Kerala-based lenders have seen a sharp erosion in the value of their shares in the past fortnight after Saudi Arabia initiated a clampdown on illegal immigrant workers and brought in regulations that stipulated reservation of 10% of jobs for citizens. The new rule, known as Nitaqat, is likely to impact over 300,000 low- and semi-skilled Indian workers, most of whom are from Kerala.
The deadline to implement the law, originally set for late March, was extended by three months but panic has gripped Indian workers in that country. The Kerala government had moved the centre to address the matter.
Stocks of these lenders have been declining since late March when the new labour norms became known.
Most of these banks generate about 10% of their fee income from the remittance business.
SBT managed Rs.31,000 crore of remittances from the Middle East in the fiscal year ended 31 March. “We are yet to ascertain the impact of the new regulations. According to official estimates only 500-600 people have returned from Gulf but the actual number is not known,” said Bhanu Murthy, deputy general manager, NRI services, at SBT.
Analysts and bankers ruled out any major impact on remittance and NRI deposit mobilization by these banks, saying the clampdown will primarily impact the unskilled, illegal immigrants but not regular employees. They attributed the fall in bank shares to a panic reaction by investors.
“There may not be too much of an impact on the remittance-related fee income and NRI deposits as banks typically fulfil the know-your-customer procedures while accepting such depositors,” said Abhishek Kothari, research analyst at Mumbai-based brokerage Violet Arch Securities. According to him, banks don’t accept deposits from the kind of illegal immigrants who may now be forced to come back.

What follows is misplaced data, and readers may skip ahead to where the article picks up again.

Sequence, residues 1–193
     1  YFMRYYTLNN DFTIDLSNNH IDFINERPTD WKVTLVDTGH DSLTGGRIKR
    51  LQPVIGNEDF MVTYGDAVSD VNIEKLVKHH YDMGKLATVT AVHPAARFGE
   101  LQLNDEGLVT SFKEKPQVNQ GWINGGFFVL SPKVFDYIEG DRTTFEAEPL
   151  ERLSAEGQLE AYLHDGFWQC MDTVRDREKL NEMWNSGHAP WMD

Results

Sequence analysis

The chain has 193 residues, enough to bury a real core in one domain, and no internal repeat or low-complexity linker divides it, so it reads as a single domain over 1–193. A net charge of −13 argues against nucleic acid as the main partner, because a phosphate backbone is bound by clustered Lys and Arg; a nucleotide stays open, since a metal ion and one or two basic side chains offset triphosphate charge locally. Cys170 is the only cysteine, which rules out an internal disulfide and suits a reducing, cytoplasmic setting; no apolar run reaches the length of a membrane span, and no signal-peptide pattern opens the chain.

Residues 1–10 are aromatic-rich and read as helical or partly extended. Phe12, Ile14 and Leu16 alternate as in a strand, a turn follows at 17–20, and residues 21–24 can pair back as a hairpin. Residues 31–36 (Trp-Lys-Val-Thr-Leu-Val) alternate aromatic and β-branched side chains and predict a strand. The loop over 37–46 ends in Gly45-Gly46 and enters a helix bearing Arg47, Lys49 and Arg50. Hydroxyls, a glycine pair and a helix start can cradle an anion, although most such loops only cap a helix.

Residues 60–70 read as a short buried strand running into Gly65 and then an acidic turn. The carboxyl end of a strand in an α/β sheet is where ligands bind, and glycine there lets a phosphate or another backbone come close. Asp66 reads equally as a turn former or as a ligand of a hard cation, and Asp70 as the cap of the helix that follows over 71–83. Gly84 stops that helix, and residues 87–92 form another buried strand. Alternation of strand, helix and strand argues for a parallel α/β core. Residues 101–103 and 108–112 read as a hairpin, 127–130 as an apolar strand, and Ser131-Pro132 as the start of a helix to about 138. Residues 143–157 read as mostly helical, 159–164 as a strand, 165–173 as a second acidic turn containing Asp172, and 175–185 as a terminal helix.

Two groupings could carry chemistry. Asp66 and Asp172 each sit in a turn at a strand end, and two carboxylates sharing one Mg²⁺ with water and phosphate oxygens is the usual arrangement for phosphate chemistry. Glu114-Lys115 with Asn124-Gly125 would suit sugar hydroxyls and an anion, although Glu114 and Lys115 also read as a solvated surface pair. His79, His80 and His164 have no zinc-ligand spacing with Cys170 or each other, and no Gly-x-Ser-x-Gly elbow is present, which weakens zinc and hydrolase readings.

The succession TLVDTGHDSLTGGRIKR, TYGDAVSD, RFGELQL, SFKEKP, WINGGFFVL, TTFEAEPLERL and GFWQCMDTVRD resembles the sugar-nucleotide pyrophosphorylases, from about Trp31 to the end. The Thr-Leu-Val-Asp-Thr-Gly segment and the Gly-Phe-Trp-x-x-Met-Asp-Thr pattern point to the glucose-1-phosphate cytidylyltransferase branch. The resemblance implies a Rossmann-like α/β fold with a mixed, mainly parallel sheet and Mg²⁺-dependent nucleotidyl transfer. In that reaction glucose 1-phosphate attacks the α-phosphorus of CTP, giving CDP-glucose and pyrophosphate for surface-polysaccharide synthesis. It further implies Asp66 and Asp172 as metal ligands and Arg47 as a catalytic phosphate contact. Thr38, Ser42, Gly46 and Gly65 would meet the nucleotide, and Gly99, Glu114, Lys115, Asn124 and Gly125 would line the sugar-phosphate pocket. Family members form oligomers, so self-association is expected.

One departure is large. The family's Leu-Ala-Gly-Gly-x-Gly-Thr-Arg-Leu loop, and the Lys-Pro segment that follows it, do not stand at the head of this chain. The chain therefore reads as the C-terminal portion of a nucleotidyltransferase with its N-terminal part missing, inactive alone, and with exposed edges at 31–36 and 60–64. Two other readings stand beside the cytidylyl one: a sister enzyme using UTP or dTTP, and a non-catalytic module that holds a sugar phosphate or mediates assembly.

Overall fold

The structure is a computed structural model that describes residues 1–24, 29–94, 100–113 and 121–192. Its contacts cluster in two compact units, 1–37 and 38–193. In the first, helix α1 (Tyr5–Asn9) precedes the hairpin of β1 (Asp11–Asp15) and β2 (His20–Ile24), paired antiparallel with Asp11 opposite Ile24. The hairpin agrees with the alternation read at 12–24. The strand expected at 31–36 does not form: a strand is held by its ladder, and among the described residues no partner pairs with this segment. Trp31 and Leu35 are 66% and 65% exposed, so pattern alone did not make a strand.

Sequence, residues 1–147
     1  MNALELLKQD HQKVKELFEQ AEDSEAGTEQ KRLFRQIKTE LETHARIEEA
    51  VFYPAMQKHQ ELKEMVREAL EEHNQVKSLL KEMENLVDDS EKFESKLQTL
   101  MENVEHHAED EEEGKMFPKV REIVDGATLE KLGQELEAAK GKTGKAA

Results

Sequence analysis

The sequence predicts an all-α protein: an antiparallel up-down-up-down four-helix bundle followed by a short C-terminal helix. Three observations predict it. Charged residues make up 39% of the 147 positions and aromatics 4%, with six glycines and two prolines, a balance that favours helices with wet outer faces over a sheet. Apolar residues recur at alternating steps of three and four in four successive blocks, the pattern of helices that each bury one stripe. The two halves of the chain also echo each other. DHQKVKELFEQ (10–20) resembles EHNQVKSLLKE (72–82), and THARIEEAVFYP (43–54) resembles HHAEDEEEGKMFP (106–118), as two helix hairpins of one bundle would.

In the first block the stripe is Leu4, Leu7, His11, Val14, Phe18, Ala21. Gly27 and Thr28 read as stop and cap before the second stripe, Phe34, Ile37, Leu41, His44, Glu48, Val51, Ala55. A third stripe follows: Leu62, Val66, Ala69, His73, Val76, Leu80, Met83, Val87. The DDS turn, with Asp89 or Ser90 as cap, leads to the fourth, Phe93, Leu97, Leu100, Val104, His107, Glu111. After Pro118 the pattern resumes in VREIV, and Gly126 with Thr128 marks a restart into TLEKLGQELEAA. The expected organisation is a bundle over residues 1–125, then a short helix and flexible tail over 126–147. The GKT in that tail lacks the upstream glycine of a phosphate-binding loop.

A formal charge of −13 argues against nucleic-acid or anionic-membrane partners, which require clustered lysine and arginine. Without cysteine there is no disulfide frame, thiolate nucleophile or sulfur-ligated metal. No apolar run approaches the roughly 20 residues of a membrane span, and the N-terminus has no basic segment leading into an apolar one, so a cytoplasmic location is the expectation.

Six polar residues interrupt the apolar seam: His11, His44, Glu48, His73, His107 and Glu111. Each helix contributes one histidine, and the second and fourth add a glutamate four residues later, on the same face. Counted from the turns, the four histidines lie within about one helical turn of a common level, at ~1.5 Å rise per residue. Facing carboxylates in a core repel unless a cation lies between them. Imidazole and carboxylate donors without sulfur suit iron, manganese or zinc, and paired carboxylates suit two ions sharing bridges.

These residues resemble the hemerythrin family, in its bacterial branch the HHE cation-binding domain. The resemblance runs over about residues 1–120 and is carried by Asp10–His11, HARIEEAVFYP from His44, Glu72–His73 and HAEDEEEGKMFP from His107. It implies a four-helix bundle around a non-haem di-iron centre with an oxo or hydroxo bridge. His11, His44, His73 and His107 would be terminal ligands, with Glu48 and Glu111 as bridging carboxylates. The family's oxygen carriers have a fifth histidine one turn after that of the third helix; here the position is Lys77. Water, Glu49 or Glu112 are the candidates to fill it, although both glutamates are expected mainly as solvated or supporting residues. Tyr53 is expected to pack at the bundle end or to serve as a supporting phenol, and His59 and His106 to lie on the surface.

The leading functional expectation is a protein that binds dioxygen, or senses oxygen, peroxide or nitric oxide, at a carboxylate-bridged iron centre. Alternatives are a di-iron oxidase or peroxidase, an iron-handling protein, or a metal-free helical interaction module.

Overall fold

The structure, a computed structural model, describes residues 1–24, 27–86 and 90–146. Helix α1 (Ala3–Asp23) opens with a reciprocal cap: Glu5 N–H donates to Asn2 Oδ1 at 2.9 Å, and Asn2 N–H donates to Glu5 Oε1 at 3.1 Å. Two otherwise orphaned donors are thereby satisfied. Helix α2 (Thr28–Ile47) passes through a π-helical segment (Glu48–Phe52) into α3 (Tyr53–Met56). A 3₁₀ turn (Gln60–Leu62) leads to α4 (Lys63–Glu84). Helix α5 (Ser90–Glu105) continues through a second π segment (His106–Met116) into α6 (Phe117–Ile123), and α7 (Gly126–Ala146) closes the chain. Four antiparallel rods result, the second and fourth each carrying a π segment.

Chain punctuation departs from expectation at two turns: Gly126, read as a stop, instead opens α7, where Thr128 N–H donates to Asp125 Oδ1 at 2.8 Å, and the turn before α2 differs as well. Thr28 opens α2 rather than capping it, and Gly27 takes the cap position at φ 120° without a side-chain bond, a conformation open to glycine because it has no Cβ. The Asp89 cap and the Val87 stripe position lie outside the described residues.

Abhraham Chacko, executive director, Federal Bank, said the fall in stock prices was just a “knee jerk” reaction to the change in the Saudi law.
“It is true that Kerala would be impacted most because they have the largest share of migrant workers but it is also a fact that these workers do not have accounts in Federal Bank alone. Also, the 10% job quota that Saudi is enforcing will impact labour from other countries like Pakistan and Bangladesh, besides India,” Chacko said.
Chacko said about 7% of total remittances to India from the world are through Federal Bank. India was the top receiver of global remittances in 2012, getting $70 billion, ahead of China, which got $66 billion, according to the World Bank.
“About 25% of our deposits come from NRIs but more than 80% of them don’t stay with us —people spend the money. I think even if there are job losses in Saudi, it won’t be big numbers,” Chacko said.
Federal Bank had total deposits of Rs.51,607 crore as of December 2012.
Dhanlaxmi Bank too ruled out any significant impact. “Major part of the remittances are maintenance remittances (money sent for household expenditure). Such remittances contribute a relatively small portion of our deposits,” said P.G. Jayakumar, managing director and chief executive officer of Dhanlaxmi Bank.
In this point I would like to add South Indian Bank at 20-22 levels for target of 30 in next one year.I strongly believe SIB will bounce back from this levels of 23